@review.update(review_params)
    if @review.save
      render json: @review, status: :accepted
    else
      render json: { errors: @review.errors.full_messages }, status: :unprocessible_entity
    end
  end

  private

  def review_params
    params.permit(:title, :content)
  end

  def find_review
    @review = Review.find(params[:id])
  end 
  1. Let’s create our models by running rails g model Property name description address phone_number website and rails g model Review title content in the CLI.

  2. Let’s run rails db:create && rails db:migrate to update and create our database in Postgres. Important: If you are not running the GUI Postgres, then the database will not run in your rails s command. You will get an error. So, please be sure to download Postgres first.

  3. Test out your database using rails c and then try Property.create(name: "McDonalds", ...) then run Property.all and it should appear! Do the same thing to test out reviews.

If you run rails s, then go to localhost:3000/api/v1/properties you will not see anything if you didn’t do Property.create(insert params here)! Let’s fix that with some seed data.

  1. Let’s use the faker gem we included in our gem file to create data for the backend database. Go to db/seeds.rb and type in the following:

    beachhouse = Property.create(name: Faker::Name.unique.name, description: Faker::Company.unique.bs, address: Faker::Address.unique.street_address,phone_number: Faker::PhoneNumber.unique.cell_phone,website: Faker::Internet.unique.url)
    review = Review.create(title: "Five Guys Was Awesome", content: "Best french fries ever!") 
  2. run rake db:seed to migrate the data to the database.

  3. Now run rails s and navigate to your endpoint(localhost:3000/api/v1/properties or localhost:3000/api/v1/reviews). You can also check your routes using rails routes to see which routes work. You should see something like this for properties:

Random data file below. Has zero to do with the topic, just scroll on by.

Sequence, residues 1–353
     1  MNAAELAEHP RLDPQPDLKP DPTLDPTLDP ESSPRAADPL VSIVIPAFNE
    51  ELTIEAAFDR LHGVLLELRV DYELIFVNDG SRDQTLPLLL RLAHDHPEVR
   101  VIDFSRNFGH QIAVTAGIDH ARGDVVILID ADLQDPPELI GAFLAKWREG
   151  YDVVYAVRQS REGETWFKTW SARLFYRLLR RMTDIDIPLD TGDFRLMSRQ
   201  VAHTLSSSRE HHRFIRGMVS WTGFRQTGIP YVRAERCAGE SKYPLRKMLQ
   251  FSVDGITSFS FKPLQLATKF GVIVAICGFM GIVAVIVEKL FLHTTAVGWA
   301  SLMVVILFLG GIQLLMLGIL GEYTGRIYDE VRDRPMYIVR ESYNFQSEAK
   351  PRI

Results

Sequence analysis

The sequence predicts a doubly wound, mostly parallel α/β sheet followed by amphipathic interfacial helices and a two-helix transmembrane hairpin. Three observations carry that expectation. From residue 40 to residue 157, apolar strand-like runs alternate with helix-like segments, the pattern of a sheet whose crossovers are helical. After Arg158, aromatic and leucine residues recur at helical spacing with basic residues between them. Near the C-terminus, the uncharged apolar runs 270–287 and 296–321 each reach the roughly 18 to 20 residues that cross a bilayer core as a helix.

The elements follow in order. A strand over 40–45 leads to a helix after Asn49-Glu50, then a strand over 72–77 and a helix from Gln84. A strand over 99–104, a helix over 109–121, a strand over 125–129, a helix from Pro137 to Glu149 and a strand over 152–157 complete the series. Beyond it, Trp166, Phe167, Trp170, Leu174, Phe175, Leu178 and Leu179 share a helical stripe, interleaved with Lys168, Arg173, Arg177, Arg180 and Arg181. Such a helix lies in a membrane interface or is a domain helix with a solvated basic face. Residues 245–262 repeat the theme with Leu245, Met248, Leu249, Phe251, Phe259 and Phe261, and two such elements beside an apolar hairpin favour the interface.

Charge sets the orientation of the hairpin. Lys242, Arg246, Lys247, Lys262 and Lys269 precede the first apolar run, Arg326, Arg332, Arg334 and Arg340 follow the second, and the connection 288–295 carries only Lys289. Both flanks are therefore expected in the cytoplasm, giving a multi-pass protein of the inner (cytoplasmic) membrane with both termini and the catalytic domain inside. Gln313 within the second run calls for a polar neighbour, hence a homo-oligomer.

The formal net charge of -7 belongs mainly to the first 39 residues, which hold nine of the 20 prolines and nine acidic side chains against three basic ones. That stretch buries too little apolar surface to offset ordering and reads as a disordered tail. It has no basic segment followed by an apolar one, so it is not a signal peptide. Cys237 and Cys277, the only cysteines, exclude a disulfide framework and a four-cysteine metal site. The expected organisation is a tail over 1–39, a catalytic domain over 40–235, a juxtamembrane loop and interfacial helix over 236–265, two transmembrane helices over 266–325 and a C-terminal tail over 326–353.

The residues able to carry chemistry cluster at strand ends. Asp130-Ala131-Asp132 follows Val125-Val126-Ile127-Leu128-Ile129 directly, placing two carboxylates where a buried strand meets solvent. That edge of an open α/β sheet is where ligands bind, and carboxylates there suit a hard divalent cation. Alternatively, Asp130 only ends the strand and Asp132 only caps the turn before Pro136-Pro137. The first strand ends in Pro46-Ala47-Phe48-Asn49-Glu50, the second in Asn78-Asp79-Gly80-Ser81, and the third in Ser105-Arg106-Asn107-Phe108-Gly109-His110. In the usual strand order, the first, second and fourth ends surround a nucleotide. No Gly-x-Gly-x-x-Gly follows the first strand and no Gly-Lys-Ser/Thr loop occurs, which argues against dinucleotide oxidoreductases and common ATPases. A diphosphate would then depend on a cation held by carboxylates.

[
    {
    id: 1,
    name: "Five Guys",
    description: "Good burger joint",
    address: "10001 Liberty Rd., Baltimore, MD, 21210",
    phone_number: "410-510-2390",
    website: "https://www.fiveguys.com/",
    created_at: "2018-05-29T19:00:32.364Z",
    updated_at: "2018-05-29T19:00:32.364Z"
    },
    {
    id: 2,
    name: "Alaina Bradtke",
    description: "target cutting-edge technologies",
    address: "268 Nikolaus Brooks",
    phone_number: "696.501.1132",
    website: "http://halvorson.name/fiona_kaulke",
    created_at: "2018-05-29T19:11:44.965Z",
    updated_at: "2018-05-29T19:11:44.965Z"
    }
    ] 

This is great! That’s our JSON data that we get by sending a GET request to our API! It’s working!

Hint: If you want to see something prettier, feel free to download the JSONView extension for Chrome or something similar for your own browser. This will help you view JSON data easier and prettier!

  1. If you want to continue building out the project, you will need to build the relationship working between reviews and properties, as well as make specific configurations for the PostSerializer.

That’s it! Now, you have most of the backend JSON API for a review site! You can make fetch requests to it in the JS in the front-end, while the rails server is running.

Congratulations! You're done!

Published 30 May 2018

founder && full stack && ethereum developer.
Max Goodman on Twitter